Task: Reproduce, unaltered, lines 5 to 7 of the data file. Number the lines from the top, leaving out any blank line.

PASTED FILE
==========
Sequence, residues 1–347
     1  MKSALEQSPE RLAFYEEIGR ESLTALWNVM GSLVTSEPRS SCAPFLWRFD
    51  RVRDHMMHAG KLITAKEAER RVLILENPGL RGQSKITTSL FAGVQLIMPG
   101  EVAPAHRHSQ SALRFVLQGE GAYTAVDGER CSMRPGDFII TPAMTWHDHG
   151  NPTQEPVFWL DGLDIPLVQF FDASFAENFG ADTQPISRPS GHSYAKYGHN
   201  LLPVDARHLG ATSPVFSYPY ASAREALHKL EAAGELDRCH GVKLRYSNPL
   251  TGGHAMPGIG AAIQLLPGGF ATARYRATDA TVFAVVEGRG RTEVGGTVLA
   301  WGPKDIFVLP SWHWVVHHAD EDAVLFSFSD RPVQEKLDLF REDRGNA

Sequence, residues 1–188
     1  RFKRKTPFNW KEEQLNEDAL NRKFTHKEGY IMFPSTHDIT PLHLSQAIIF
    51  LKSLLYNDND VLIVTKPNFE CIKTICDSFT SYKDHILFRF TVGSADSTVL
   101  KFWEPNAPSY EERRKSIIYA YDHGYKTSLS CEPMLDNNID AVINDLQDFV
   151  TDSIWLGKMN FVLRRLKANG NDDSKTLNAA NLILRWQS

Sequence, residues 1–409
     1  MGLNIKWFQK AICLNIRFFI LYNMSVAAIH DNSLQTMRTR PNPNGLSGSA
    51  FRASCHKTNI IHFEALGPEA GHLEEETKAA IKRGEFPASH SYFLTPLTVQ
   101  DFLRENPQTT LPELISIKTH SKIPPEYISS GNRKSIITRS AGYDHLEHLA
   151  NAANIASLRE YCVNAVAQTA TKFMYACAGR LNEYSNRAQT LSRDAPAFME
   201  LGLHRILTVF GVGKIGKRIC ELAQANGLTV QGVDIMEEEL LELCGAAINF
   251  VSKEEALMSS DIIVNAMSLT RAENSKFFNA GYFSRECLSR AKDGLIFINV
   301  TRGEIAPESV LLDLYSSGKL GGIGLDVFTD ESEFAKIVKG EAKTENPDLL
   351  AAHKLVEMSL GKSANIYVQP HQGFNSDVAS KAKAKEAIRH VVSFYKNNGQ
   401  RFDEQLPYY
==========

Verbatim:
   151  NPTQEPVFWL DGLDIPLVQF FDASFAENFG ADTQPISRPS GHSYAKYGHN
   201  LLPVDARHLG ATSPVFSYPY ASAREALHKL EAAGELDRCH GVKLRYSNPL
   251  TGGHAMPGIG AAIQLLPGGF ATARYRATDA TVFAVVEGRG RTEVGGTVLA